With 2014 just around the corner, your budget planning is probably in full swing. With all the line items you need to consider, it can be easy to overlook (or simply ignore) the need for sales performance management (SPM) software training. But here are a few reasons why you shouldn’t forget training or wait to work it into your budget later. In my years of experience designing and implementing training programs, “later” often comes too late and the remaining budget is too little to pay for an effective training program.
Why invest in training? To put it simply: Software alone does not create business value. You need people who can leverage the full potential of the solution, and that requires knowledge that goes beyond basic familiarity with software features. By investing in training up front, you can establish a team of onsite SPM experts, reduce the cost of post-production support, help employees increase their value to the company and maximize the ROI for your SPM solution.
How much should you budget for training?
This is most common question I get regarding sales training. While there is no single budget formula that applies to every company, you can start by first creating a solid training plan. Once you know what your plan involves, you can better determine how much to budget. Key questions for any SPM training plan should include:
1. Are you purchasing training from the software vendor?
Vendors sometimes bundle training along with the software. Bundled training usually includes basic product training for compensation administrators and possibly system administrators. While this level of training may offer a very good introduction to the software’s features and benefits, you need to ensure the vendor training package will empower the team to leverage the software’s capabilities to meet your specific business needs.
2. Will you receive ongoing vendor training after the solution goes live?
While initial training can provide a great overview of the software, your team will likely need ongoing training to maintain, modify and create new logic to meet evolving business requirements. If your vendor provides advanced training, you will need to know if the program can be tailored to your organization, and, of course, the cost. If your vendor doesn’t provide advanced training, you may need to find a third party that can provide a customized training program.
3. Does your training program include a sustainable change management plan?
In addition to training your existing comp administrators, your training materials should enable future staff to get up to speed quickly. As you review the training curriculum from your software vendor or third party, consider if your existing staff will be able to repurpose the materials to train new hires on the software.
4. Have you considered a role-based training plan?
Role-based training is a highly efficient way to ensure staff does not waste time in irrelevant training sessions. With role-based training, each administrator receives a quick overview of the software’s basic features, but the bulk of the training focuses on the actual tasks he or she will do on a regular basis. As a result, you can reduce lost productivity from the “one-size-fits-all” training approach and only teach people what they need to know to do their jobs well.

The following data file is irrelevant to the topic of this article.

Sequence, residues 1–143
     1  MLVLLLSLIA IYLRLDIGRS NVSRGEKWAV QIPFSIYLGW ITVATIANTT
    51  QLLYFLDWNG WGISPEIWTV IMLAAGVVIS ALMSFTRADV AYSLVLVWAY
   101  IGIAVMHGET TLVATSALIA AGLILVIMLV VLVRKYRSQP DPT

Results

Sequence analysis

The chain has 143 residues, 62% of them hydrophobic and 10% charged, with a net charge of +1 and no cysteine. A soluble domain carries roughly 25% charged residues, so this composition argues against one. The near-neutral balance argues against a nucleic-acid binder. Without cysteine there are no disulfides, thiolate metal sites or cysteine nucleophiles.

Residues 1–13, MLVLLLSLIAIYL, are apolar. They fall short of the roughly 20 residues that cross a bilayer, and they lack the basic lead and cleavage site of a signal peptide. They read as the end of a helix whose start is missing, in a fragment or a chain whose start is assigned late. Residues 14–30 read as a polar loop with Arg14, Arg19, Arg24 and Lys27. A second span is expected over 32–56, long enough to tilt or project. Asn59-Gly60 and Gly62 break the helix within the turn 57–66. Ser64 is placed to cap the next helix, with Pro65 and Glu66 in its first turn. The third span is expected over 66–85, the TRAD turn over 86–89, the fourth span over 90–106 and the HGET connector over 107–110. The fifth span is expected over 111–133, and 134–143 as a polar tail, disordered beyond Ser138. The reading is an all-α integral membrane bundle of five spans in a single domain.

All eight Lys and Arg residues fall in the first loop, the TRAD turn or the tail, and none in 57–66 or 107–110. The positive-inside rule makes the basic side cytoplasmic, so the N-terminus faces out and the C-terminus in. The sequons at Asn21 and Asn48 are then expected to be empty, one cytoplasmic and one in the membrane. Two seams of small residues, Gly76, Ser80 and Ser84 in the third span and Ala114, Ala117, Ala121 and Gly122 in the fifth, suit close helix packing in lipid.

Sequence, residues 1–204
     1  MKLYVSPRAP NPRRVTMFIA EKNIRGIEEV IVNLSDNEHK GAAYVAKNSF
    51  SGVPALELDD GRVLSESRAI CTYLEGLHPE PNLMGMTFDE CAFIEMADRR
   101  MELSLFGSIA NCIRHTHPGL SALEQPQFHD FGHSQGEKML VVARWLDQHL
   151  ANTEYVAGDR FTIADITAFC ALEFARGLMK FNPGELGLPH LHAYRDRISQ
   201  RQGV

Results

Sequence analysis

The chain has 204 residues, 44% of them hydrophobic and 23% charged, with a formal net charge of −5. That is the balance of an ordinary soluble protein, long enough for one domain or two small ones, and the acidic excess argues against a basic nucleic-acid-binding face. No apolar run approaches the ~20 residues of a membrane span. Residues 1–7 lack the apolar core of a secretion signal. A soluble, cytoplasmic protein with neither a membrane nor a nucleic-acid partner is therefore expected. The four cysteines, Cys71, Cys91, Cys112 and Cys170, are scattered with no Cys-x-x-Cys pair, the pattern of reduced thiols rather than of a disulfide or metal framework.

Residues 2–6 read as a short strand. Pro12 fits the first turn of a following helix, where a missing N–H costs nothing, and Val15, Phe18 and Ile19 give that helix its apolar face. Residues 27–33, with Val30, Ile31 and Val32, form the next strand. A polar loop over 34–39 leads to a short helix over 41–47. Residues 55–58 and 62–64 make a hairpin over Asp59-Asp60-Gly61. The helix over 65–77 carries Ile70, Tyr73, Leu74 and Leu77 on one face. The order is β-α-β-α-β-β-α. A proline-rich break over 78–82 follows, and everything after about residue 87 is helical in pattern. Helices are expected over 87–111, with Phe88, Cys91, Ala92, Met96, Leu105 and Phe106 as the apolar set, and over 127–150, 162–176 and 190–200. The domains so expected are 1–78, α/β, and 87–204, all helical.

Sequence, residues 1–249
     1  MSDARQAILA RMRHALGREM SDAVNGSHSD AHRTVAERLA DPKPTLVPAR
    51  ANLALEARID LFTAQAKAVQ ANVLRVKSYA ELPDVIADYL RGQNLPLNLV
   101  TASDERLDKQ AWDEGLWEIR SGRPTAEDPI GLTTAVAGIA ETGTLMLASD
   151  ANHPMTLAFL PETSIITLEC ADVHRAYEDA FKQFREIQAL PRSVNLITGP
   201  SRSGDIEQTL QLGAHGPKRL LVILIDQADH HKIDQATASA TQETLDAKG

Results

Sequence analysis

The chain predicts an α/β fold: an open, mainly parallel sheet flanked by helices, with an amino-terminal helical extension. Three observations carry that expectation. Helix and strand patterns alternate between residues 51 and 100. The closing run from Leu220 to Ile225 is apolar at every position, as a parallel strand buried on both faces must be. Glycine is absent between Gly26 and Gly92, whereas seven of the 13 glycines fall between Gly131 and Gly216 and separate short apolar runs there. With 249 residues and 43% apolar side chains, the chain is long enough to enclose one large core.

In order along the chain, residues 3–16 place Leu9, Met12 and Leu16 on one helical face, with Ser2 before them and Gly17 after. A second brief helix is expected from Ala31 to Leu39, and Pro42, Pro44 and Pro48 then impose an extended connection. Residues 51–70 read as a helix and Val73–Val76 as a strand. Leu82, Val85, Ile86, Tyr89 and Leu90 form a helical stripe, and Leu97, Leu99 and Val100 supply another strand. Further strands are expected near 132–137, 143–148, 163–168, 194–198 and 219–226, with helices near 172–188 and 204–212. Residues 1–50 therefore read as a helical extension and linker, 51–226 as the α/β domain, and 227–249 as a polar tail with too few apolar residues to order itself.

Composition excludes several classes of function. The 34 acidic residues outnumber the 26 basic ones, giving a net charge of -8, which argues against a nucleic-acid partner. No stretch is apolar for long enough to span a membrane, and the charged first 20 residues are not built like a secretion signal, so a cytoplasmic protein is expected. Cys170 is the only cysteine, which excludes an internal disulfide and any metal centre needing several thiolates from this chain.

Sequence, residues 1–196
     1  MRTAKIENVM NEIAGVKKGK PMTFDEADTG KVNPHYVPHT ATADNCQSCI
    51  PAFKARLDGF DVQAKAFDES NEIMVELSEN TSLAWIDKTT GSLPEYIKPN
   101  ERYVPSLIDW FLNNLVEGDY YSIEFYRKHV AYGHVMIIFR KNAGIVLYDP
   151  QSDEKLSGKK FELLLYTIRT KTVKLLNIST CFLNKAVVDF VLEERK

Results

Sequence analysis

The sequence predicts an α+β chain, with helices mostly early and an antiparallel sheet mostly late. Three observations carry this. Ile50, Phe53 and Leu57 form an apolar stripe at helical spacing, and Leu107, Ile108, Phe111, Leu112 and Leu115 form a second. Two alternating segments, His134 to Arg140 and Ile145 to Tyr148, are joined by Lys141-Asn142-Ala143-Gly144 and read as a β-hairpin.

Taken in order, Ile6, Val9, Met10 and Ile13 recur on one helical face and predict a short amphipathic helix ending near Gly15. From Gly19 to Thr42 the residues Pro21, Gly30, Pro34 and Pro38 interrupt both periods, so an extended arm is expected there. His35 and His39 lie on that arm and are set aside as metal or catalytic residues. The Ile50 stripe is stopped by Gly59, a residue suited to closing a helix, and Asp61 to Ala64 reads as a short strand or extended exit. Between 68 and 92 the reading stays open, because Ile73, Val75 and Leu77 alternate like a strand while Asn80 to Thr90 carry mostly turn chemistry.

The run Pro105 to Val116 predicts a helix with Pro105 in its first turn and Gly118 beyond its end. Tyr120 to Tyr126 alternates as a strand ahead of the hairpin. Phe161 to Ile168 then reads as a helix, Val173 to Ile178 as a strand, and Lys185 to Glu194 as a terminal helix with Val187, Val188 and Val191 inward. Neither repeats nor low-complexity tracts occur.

5. How will you train the field sales force?
Since your sales folks are typically not involved (or even aware of) the adoption of a new SPM solution, you will need to create an effective training program that helps them get up to speed quickly, wherever they are. To start, clear communication and notification about the new solution is critical. Once you have informed the field, the best way to deliver the training is through a brief, self-paced and easy-to-follow video that can be viewed on a laptop, tablet or mobile phone. A self-paced training video also serves as a great onboarding tool for new sales employees. Sales force training will also need to be included in your overall training budget.
6. How much ownership of the implemented system do you want to have?
Determining your level of ownership in the system will also determine how much you will need to budget for training. Does your compensation team have the bandwidth and skills to completely manage the system, or will you need additional support from third-party managed services to help with administration? A comprehensive, role-based training strategy will allow for complete, or near-complete, ownership of the system.
However, depending on time and resources, your organization may opt to outsource some or all of the system administration tasks to a third party. A managed services approach can provide a highly flexible and affordable way to get the support you need for as long as you need it. You can also take a “blended” approach in which some administrative functions are kept in-house while others are outsourced. Determining which model is right for you will factor into your overall training budget.
Are you thinking about your training budget for 2014? What factors do you consider when determining how much to budget for training? Let us know in the comments below!